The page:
After a rocky start, which I’m not really going to talk about here — I’ve done enough frustrated complaining about the issues — our Book of the Month initiative is in full swing. This month, we’re reading Wonder by R. J. Palacio as a way to connect with Bullying Awareness Month. The accompanying question asks readers to think about a single character and how that character demonstrates the precept Choose Kind throughout the novel. The response that have been turned in so far have been awesome.
In September, there were 16 responses turned in, most submitted at the end of the month. We’re only halfway through October, and already there have been three Golden Tickets (I had Willy Wonka and the Chocolate Factory stuck in my head when trying to decide what to call the extra credit slip) delivered, and there are more assignments waiting for me in the library.
Since the books were catalogued, we’ve had a hard time keeping them on the shelf, which I think is fantastic. When I left yesterday, there were two, and they’ll most likely be checked out tomorrow. What I’m getting from this is that even if the students don’t turn in the assignment that accompanies Book of the Month, there are still a lot of kids reading, which is what we want.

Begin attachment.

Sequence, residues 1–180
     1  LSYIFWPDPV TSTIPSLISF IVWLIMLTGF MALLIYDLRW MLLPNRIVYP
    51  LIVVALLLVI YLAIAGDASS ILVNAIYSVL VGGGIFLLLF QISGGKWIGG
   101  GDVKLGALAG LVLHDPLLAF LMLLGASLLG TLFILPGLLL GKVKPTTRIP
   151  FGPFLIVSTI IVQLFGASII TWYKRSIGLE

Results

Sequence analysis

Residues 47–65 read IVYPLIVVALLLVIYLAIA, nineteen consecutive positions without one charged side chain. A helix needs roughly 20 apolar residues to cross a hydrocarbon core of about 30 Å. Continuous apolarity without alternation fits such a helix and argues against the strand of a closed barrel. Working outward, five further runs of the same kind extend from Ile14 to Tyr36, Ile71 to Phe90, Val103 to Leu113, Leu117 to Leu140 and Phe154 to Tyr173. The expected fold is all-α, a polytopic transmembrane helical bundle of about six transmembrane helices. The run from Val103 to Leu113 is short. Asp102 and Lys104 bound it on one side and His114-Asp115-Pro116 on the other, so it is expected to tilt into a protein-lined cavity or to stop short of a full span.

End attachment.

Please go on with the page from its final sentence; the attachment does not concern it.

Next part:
Initially there were concerns about participation. We wondered if only the high achieving students would participate; they’re the kids who always participate. But I’ve had a number of students talk to me about when the Tickets go out because they’re concerned about their grades and want to make sure they have the extra credit in case they need it.
Teachers have been great about promoting Book of the Month as well, encouraging students to participate and not being irritated when I interrupt their second hour class on Fridays to deliver Tickets. I try to not be intrusive, but one of the ways to involve more students is to start the conversation between students about why they’ve received a gold sheet of paper in the middle of class (sorry!).
Bottom line, so far I think this initiative is working famously. Kids are talking about reading, they have a commonplace book they can talk about each month, and connections can be made between the content classes and young adult fiction.